DEC 26, 2018 8:26 PM PST

New Blood Pressure Target

WRITTEN BY: Nouran Amin

According to a study published in eLife, researchers concluded that a protein channel may serve as an effective target for blood pressure regulation. Targeting the channel in mice was found to reduce blood pressure. The study sheds new light on developing new drugs for the treatment of high blood pressure, a condition that serves as the leading cause of heart attack and stroke.

Learn more about blood pressure:

In general, blood pressure is influenced by muscles cells that line the walls of the arteries. These muscle cells include proteins in their surface called Transient Receptor Potential (TRP) channels which regulate the movement of sodium and calcium ions. The role of TRP in high blood pressure still remains unclear, however, 13 different TRP channels were confirmed to be present on the muscle cells lining the arteries.

"The contribution of TRP channels to normal blood pressure and to changes in blood pressure are unclear, and we don't know whether the different channel types in different organs are controlled in a similar way," states senior author of the study Jonathan Jaggar. "We chose to study a TRP channel called PKD2 because patients with genetic mutations in this protein have high blood pressure and previous research has shown conflicting results regarding its functions in arterial muscle cells."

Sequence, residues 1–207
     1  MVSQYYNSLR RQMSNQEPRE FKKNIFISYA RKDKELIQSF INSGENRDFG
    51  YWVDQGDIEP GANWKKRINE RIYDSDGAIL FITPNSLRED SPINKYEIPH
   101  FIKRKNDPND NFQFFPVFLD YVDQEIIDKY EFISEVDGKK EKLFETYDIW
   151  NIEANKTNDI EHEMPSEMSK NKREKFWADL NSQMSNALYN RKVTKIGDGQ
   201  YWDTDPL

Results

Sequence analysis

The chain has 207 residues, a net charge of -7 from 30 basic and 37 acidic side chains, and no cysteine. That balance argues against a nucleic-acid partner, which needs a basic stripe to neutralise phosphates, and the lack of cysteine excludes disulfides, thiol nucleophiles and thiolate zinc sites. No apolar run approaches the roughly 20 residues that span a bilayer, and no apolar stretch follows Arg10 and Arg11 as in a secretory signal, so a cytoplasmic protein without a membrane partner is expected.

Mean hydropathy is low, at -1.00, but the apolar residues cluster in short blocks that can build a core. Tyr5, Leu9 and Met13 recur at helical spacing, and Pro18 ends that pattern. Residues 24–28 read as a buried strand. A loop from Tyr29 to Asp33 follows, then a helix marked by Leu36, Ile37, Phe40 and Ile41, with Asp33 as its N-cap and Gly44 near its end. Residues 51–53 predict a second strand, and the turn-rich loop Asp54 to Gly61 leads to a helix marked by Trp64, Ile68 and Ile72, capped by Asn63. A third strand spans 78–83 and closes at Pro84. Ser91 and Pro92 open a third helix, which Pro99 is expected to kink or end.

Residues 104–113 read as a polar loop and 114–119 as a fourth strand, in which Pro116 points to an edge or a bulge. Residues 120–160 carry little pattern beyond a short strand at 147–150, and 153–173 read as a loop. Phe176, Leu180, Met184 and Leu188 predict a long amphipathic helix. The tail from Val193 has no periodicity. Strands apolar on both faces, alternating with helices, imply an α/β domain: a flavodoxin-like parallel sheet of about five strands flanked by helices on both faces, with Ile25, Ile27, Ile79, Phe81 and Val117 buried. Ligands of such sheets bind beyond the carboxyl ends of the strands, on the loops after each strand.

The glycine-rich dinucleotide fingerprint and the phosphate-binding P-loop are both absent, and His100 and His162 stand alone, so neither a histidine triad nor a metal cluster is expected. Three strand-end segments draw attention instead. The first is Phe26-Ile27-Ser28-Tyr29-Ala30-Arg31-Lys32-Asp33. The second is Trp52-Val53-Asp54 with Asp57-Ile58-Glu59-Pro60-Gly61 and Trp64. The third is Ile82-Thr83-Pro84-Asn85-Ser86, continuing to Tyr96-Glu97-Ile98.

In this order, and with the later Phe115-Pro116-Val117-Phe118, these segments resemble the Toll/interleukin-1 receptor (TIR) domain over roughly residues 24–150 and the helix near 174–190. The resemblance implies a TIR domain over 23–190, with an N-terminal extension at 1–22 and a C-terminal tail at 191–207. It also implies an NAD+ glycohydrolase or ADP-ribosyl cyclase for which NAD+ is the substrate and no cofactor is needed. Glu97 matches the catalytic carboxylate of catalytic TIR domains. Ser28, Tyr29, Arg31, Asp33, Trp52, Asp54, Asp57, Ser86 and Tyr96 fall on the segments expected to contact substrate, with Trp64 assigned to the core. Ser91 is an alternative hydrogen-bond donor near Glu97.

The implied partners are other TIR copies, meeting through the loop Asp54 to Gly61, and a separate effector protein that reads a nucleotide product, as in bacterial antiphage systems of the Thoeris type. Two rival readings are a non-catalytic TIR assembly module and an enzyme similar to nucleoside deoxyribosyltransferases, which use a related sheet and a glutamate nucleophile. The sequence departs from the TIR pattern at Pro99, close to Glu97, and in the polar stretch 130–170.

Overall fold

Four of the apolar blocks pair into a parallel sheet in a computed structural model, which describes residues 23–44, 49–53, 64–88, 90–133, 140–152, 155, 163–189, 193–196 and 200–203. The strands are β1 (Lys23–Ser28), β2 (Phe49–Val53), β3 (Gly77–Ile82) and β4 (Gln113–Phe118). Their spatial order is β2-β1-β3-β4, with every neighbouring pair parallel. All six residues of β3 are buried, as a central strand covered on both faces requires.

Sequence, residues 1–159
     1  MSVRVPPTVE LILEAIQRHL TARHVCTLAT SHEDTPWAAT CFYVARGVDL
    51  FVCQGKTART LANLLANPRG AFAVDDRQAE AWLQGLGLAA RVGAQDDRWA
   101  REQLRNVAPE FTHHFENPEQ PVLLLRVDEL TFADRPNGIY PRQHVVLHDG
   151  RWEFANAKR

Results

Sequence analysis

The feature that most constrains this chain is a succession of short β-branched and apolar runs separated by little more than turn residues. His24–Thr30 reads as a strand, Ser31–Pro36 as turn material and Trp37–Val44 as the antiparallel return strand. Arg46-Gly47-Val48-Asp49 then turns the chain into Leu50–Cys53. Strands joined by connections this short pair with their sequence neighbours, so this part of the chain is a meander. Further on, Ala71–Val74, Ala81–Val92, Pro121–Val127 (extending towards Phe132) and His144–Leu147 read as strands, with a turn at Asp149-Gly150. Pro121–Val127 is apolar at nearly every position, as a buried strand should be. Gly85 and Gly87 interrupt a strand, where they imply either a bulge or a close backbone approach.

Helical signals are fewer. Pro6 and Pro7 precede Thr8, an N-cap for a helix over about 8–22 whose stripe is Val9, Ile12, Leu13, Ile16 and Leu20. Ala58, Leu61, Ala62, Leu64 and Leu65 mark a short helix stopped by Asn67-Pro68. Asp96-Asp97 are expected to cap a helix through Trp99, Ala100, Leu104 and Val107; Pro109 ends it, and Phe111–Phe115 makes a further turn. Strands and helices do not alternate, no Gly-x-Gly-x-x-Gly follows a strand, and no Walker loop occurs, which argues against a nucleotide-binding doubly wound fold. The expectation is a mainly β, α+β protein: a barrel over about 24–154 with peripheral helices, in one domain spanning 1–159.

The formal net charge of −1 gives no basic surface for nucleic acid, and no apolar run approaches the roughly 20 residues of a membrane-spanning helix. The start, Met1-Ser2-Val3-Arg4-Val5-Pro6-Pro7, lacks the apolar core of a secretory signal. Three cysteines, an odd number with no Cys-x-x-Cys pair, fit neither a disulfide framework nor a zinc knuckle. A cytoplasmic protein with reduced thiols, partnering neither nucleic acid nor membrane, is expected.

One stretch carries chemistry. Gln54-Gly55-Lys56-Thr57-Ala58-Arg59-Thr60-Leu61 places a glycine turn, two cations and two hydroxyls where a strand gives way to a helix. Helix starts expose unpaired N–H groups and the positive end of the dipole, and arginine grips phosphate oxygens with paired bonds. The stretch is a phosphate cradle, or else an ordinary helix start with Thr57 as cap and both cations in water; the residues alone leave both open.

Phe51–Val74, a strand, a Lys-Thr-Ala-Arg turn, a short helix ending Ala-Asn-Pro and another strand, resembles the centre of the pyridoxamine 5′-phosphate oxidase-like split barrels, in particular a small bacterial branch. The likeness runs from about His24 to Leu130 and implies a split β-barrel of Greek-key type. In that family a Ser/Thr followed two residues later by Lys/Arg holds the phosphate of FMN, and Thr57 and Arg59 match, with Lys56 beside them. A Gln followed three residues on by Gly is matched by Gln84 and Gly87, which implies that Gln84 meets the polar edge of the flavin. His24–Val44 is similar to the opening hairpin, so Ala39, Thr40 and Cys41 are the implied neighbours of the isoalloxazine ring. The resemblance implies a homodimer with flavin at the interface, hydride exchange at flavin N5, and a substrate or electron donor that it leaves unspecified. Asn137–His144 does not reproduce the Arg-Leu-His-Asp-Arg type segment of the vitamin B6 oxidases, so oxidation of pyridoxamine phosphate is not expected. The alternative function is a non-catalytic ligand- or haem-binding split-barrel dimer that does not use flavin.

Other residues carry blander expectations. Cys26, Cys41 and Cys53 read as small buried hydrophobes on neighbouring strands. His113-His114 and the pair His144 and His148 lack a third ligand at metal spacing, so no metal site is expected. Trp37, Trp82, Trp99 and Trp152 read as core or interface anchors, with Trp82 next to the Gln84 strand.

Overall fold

Image Retrieved From Unsplash.com

The targeting of PKD2 in mice was found to lower blood pressure than normal mice. "Our results indicate that stimuli which activate PKD2 channels are blood vessel specific, showing that there is not a singular mechanism regulating muscle cell contractility in all arteries," concludes Jaggar. "Our demonstration that muscle cell PKD2 channels regulate blood pressure is a step forward to better understanding the importance of this ion channel target in normal cardiovascular physiology, and as a potential drug target for cardiovascular disease."

Source: eLife

 

About the Author
  • Nouran is a scientist, educator, and life-long learner with a passion for making science more communicable. When not busy in the lab isolating blood macrophages, she enjoys writing on various STEM topics.
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